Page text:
Use real names for body parts so children are able to describe what is okay and not okay.
Most cases (estimated 80 to 90 percent) involve people that the child knows well and maybe loves. Who is spending time with your children?
Remind your children that no adult should ever ask them to keep secrets.
Believe your child and trust your instincts.
Be wary of one-on-one time.
Parenting has many more ideas and is must reading for parents.
But what do you do if you suspect that something has happened?
Several websites provide some hints. The most important thing is to keep an open line of communication with your child and keep a diary of what they tell you with dates and times. Find out from other professionals such as teachers (assuming it not a teacher you are suspecting) whether your child has had recent behavioral changes. Talk to a trusted friend or family member, or an abuse helpline counselor and ask what they think. The National Child Abuse Hotline is an excellent resource (1-800) 4-A-Child or 1-800-422-4453. ( https.www.childhelp.org/ )
Don’t be afraid to hire a qualified lawyer to help you navigate what comes next. Often initial “investigations” are conducted at the request of the institution and are designed to minimize their risk, not to help your child. Having a qualified legal warrior in your corner is good. In some cases, the parents who bring up the case are defamed, harassed, and threatened by the accused and his or her supporters. In a recent case, which is currently under investigation by state authorities, an accused teacher and pastor unsuccessfully attempted to obtain restraining orders against parents for speaking out. Even if the outcome is not yet clear, parents who have had the courage to report an incident on behalf of their children should anticipate that the accused will hire an attorney, and they should do so as well.
At the same time, there are things that organizations can do to prevent abuse. Hamilton, who is an expert on these issues, has proposed the following model policy for the government to adopt, but I would propose that individual organizations should adopt it now. Parents should look for this kind of thinking when finding schools or organizations for their children, even if the parents will probably be around. After all, Dr. Nassar often secretly molested patients with parents present in the room. An organization that refuses to implement these safeguards is sending up warning flares that should not be ignored.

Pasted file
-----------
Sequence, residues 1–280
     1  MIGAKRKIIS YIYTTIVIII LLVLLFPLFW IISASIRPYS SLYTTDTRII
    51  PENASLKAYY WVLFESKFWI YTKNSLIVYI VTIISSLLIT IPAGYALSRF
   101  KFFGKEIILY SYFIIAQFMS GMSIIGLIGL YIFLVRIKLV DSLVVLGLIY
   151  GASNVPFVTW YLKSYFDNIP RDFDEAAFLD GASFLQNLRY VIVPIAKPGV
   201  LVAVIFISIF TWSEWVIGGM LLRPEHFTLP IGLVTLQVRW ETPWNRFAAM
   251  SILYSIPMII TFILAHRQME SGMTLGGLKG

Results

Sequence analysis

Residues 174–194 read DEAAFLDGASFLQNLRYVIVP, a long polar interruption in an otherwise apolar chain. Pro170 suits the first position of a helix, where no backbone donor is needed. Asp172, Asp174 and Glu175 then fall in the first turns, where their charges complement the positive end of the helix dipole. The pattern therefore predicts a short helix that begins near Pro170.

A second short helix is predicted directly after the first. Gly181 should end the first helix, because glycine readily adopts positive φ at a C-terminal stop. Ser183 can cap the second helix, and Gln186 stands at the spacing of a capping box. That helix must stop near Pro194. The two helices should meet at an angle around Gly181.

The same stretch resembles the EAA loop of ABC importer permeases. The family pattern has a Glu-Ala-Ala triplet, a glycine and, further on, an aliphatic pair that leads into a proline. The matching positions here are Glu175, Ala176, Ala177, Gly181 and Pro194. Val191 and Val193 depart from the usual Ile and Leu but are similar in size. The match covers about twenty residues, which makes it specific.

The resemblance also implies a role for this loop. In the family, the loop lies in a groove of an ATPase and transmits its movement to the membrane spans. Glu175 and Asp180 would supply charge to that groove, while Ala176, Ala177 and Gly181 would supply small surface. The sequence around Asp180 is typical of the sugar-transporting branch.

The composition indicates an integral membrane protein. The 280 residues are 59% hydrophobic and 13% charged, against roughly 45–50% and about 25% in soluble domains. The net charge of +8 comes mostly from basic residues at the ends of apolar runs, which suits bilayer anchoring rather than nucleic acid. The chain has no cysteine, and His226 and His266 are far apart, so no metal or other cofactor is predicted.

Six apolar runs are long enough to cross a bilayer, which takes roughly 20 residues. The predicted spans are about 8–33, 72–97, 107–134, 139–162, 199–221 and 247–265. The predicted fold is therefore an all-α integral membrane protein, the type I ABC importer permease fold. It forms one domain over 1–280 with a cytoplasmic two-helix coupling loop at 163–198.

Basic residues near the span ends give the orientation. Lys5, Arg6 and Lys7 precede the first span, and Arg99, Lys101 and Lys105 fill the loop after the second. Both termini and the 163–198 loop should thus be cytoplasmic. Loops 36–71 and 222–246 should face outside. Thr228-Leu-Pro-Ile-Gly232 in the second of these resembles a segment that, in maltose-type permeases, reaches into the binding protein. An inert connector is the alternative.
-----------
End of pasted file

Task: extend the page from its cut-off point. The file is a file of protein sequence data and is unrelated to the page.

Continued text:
- Every adult who suspects a child is being sexually abused must report it to the authorities before reporting it to the organization—whether or not the relevant state’s law requires it. This move takes the issue out of the self-referential center where organizational self-interest thrives.
- No adult, other than a parent or guardian, may be alone with a child in a closed space in the performance of the organization’s mission. This means, for example, a classroom, an examination room, a bathroom, or a car. Doors need to be open, meetings must be visible to passersby, and organizations need to plan to have two adults on hand in many circumstances.
- No adult who has sexually abused a child may have a leadership role in the organization. Ever.
- Every adult affiliated in any way with the organization must be trained annually on spotting sex abuse, how to report, and dealing with children who have been abused.
- Every child affiliated with the organization must be trained annually on spotting sex abuse, how to report, and respecting their cohorts who have been abused.
- Penalties need to be severe for failure to follow these modest but necessary principles to child protection.
- No organization is exempt, whether religious, or otherwise.
From “The Child Sex Abuse Scandals Are All the Same and they Demand the Government to Act,” Marci Hamilton, Justia (3/22/2017) https://verdict.justia.com/2017/03/22/child-sex-abuse-scandals-demand-government-act
For the sake of your children, act now to prevent and stop sexual abuse.
Photo: DepositPhotos.com / Symbolfoto